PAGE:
Now in the Home.js file, we are going to create two state properties using the useState module. The two states are posts to which stores the posts result from server and setPosts method that enables us to set the posts state as shown in the code snippet below:

The coding implementation is in the function called fetchLastestPost() whose overall configuration is provided in the code snippet:

Here, we made an asynchronous call to the WordPress API from the function.

Next, we need to call the function in useEffect module alternatively we can also use componentDidmount in order to call fetchLastestPost.

The coding implementation is shown in the code snippet below:

The JSON data from the response will have a lot of properties.

Next, we are going to wrap the Card component with the FlatList component and feed the API data into the FlatList. Then, the Card component template will be returned by the FlatList. But first, we need to import the FlatList component as shown in the code snippet below:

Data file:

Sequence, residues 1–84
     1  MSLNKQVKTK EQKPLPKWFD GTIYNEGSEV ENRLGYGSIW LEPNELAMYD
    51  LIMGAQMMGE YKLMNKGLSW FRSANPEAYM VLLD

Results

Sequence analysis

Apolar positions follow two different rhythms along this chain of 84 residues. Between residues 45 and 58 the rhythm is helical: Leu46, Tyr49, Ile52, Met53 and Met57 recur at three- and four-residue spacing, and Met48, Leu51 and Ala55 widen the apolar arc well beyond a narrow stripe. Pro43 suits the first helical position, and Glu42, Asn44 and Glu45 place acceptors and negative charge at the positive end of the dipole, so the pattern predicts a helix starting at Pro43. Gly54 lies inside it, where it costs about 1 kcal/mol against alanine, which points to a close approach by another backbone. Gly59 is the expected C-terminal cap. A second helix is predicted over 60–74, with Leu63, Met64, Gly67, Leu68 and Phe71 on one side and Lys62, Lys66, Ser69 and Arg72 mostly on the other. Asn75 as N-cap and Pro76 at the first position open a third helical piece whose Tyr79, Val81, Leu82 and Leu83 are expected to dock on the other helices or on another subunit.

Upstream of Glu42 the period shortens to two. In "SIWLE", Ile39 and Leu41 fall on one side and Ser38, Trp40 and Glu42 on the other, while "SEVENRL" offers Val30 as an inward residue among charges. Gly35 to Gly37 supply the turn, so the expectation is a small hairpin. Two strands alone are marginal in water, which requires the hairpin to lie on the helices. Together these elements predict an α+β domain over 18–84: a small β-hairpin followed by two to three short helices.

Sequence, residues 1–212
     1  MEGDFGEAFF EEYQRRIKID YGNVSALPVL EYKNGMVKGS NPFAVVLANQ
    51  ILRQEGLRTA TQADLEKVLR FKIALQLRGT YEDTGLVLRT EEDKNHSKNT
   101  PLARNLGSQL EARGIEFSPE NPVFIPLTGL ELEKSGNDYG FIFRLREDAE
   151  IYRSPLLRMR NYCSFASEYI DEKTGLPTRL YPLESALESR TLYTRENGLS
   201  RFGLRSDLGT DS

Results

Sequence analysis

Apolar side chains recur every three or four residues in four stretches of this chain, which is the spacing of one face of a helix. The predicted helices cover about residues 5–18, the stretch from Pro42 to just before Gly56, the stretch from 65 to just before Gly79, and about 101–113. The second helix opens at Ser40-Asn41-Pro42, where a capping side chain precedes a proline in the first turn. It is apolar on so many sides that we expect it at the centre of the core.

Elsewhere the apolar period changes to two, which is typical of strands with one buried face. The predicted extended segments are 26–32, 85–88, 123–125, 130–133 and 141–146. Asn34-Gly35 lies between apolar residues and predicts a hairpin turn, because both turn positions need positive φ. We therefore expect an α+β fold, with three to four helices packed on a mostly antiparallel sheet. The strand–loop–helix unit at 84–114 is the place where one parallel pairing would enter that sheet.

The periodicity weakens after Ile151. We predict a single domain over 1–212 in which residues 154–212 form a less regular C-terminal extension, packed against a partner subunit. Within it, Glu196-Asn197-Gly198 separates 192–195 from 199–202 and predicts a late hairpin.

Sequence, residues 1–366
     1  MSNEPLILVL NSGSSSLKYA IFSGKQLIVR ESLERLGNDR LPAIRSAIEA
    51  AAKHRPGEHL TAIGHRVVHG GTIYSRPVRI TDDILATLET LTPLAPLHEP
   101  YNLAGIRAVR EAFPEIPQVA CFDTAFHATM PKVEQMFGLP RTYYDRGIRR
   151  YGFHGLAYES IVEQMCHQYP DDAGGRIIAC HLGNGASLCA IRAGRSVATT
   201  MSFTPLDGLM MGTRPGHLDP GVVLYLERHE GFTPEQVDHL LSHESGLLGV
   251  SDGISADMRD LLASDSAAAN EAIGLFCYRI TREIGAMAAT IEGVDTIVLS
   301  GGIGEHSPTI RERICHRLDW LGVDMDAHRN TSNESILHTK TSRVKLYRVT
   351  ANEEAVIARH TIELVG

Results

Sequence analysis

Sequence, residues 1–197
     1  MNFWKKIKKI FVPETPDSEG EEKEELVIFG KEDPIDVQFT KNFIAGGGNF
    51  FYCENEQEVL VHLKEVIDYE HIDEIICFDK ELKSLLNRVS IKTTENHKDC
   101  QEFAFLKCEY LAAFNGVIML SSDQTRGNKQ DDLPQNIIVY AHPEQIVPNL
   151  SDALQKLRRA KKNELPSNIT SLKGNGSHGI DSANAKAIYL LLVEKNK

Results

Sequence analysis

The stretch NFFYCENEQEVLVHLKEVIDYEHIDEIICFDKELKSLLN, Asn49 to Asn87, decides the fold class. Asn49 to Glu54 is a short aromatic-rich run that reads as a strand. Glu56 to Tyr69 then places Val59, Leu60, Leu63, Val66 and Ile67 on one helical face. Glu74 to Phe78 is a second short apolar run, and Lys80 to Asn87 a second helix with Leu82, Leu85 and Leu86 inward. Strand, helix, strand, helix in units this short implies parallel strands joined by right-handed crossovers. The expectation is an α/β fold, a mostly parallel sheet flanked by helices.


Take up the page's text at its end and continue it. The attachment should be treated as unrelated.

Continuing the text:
Now, we are going to use the posts state data into the FlatList as shown in the code snippet below:

Now, we are going to use the posts state data into the FlatList as shown in the code snippet below:

Home screen with flatlist

Home screen with flatlist

Display Html content with react-native-render-html

Now, we need to display the excerpt of the overall post on the list. For that, we are going to make use of components from the react-native-render-html package. And, we need to display the published date of the article as well. For that, we are going to make use of the moment package which provides the moment.js configurations.